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Camden Fringe 2017

Doomed Resistance

Falling Pennies Theatre Company

Genre: Theatre

Venue: Etcetera Theatre


Low Down

‘Doomed Resistance’ made its way to the Camden Fringe from the Plymouth Fringe Festival and does not disappoint. It is an exciting, pacy performance mixed with wit, World War 1 and one-liners. There is playful characterisation amongst the three male actors and a clever script that places us in 1914 Belgium but leaves the audience howling with laughter at the nonsensical and farcical nature of the piece.



Written by Simon Godfrey and directed by Rebecca Blake the Falling Pennies Theatre Company transports us into the German invasion of Belgium, a three-hander which tells the story of the General Erich Ludendorff’s encounter with the Citadel of Liege’s commander at a time when the General is prepared to come out on top, however the commander refuses these wishes forcing them into verbal battle; all the while Private Herman Schmidt, Ludendorff’s inferior provides more amusement with his day dreaming and reading of tea leaves.

The set is simple with plastic boxes and a tin pail. The boxes are moved in swift transitions between the scenes and mark the fortress wall between the commander and Ludendorff. The split-staging is perfect at highlighting where we are and what these characters want; it allows the actors full scope for expressing their aloneness but floundering pretence of having a big army behind them by talking to imaginary soldiers and getting Smidt to play on drums to create ‘kitchen’ clatter. The tin pail along with a coat and towel are used to morph the characters into their supposed army and entertainment ultimately prevails.

The writing is refreshing and edgy, witty and contemporary. Incongruously modern slang is interjected and when spoken by the Commander in his sharp, camp, clipped voice is hilariously received. Pithy and effective one-liners are uttered by all three actors and when Shmidt pronounces ‘feng shui’ like ‘feng shooey’ you realise just how down to earth this play really is. Trivial conversation and fillers creates a sincerity and endears us to Shmidt when he forces awkward conversation with his superior by bringing up the weather and his idea of what makes the perfect cup of tea.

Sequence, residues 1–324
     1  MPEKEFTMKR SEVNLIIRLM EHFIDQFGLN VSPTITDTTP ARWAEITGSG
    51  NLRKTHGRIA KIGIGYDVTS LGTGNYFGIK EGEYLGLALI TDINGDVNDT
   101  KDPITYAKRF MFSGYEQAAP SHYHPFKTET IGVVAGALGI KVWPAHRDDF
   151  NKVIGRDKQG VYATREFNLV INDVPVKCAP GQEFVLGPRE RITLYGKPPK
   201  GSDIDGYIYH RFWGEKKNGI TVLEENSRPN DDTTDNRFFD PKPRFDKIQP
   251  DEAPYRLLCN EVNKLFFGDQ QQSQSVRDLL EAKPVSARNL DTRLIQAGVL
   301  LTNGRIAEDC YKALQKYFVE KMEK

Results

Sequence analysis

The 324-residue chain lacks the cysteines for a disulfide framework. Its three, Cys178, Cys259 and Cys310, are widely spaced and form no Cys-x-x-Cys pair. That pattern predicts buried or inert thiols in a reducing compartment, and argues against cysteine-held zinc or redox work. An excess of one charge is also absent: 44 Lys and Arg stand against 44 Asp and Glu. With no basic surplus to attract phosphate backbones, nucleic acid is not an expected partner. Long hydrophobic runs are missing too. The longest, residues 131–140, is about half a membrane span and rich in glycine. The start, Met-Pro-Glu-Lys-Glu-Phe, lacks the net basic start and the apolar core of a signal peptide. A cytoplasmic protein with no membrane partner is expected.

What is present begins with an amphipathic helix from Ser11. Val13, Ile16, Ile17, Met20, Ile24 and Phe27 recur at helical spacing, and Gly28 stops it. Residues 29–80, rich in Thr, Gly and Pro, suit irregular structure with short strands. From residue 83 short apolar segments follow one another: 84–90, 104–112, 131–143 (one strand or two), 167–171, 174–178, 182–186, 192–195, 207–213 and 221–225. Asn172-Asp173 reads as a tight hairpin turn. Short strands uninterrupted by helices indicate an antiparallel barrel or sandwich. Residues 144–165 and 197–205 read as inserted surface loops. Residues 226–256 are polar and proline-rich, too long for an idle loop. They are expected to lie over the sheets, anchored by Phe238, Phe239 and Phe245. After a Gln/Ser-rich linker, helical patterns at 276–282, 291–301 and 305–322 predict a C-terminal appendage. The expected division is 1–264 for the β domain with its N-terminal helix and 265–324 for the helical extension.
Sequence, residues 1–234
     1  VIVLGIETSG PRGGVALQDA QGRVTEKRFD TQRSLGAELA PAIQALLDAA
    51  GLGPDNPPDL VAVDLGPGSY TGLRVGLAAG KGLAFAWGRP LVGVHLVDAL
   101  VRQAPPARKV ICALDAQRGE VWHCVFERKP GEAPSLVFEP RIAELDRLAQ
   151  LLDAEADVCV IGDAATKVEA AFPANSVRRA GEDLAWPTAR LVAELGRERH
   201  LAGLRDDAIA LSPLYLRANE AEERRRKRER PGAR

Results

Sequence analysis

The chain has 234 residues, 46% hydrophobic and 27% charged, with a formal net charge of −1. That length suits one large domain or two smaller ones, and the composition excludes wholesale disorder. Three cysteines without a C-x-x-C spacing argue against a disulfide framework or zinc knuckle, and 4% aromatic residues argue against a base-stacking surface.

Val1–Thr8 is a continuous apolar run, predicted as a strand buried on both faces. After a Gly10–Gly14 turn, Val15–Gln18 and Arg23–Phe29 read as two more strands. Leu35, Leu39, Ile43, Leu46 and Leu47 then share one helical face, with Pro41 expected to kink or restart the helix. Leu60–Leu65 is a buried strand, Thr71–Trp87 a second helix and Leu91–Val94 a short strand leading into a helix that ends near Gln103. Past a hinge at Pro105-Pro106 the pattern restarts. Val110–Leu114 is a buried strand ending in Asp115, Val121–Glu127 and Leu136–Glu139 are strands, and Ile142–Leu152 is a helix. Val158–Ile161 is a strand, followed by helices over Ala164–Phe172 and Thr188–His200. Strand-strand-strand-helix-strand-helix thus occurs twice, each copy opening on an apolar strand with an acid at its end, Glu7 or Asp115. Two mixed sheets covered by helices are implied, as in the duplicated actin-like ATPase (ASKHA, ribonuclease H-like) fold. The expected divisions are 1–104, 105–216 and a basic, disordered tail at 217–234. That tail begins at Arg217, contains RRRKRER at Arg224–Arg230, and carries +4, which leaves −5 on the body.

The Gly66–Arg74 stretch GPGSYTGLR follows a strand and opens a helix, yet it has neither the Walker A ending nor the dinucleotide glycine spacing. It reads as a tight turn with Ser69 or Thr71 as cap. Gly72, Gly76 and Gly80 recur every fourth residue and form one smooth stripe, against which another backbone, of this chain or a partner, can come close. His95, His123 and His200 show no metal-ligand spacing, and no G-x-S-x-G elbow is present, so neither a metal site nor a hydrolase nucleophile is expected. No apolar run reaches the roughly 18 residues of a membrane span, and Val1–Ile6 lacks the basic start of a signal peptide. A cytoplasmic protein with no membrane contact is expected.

The commander played by Ryan Penny is the most physical by becoming his made-up wife ‘Jenny’ and having arguments with himself. He also transforms into yet other made-up characters such as the soldier ‘Philippe’ and the German Kaiser with the use of a horn to visually symbolise his moustache. His movements were light and fluid and played his many parts superbly. He masterfully changes his voice and physicality to match each character and expertly negotiates the timing required for us to catch up with what is being said by whom. It seems that his function in the play is to provide light-relief from Ludendorff’s seriousness. His frustration at his lack of army is brilliantly portrayed however it may be even more satisfactory to see him really crumble. Ludendorff and Smidt both convey insecurities and express their shaky and slightly dysfunctional backstories and it may add an extra layer by giving the commander something to cry or be pained about, encouraging empathy from the audience.

Ludendorff played by Tea Poldervaart is wonderfully believable as the German Major-General and when he reaches his tipping point his intense fury at his disdainful military position bursts out of him in a series of carefully crafted huffs, puffs and sighs. This is the moment which Tea really shines, this and his sentimentality towards his cat ‘Wendy’. His shifting eyes and stern expressions dominate and his irritation and annoyance at Smidt is enjoyable to watch.

Smidt played by Matthew Warhust plays an undeniably affable and simple-minded soldier. His northern, lazy speech and childlike physicality likens him to the loveable ‘Lenny’ from ‘Of Mice and Men’. However this character is more enlivened with grinning and popping eyes; he is the foil to Ludendorff, a sort of ‘Elder Cunningham’ from ‘The Book of Mormon’. His journey throughout the play is the most engaging and the audience are truly on his side.

Overall this play is a unique one-off; profoundly original writing paired with comic performances and powerfully constructed moments that leaves the audience reeling with laughter. It must be awarded a ‘must see show’ and I am so glad that I got the chance to see it.